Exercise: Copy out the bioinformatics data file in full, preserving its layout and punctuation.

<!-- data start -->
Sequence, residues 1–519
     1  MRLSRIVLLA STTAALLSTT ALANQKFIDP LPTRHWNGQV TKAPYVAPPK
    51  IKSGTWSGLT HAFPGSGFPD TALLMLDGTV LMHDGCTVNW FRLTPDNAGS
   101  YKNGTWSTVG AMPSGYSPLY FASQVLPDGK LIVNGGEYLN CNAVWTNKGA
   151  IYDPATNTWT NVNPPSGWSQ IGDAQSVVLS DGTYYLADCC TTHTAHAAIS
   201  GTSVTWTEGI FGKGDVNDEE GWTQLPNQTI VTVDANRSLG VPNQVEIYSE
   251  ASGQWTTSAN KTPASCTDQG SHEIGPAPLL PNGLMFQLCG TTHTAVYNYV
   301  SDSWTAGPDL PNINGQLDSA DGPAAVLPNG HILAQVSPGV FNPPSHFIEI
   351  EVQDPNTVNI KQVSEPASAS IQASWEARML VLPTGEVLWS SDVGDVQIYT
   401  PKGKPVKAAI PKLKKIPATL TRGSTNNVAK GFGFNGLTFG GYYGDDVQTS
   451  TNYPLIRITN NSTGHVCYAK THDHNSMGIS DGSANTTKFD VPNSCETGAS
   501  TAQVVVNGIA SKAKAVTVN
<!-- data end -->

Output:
Sequence, residues 1–519
     1  MRLSRIVLLA STTAALLSTT ALANQKFIDP LPTRHWNGQV TKAPYVAPPK
    51  IKSGTWSGLT HAFPGSGFPD TALLMLDGTV LMHDGCTVNW FRLTPDNAGS
   101  YKNGTWSTVG AMPSGYSPLY FASQVLPDGK LIVNGGEYLN CNAVWTNKGA
   151  IYDPATNTWT NVNPPSGWSQ IGDAQSVVLS DGTYYLADCC TTHTAHAAIS
   201  GTSVTWTEGI FGKGDVNDEE GWTQLPNQTI VTVDANRSLG VPNQVEIYSE
   251  ASGQWTTSAN KTPASCTDQG SHEIGPAPLL PNGLMFQLCG TTHTAVYNYV
   301  SDSWTAGPDL PNINGQLDSA DGPAAVLPNG HILAQVSPGV FNPPSHFIEI
   351  EVQDPNTVNI KQVSEPASAS IQASWEARML VLPTGEVLWS SDVGDVQIYT
   401  PKGKPVKAAI PKLKKIPATL TRGSTNNVAK GFGFNGLTFG GYYGDDVQTS
   451  TNYPLIRITN NSTGHVCYAK THDHNSMGIS DGSANTTKFD VPNSCETGAS
   501  TAQVVVNGIA SKAKAVTVN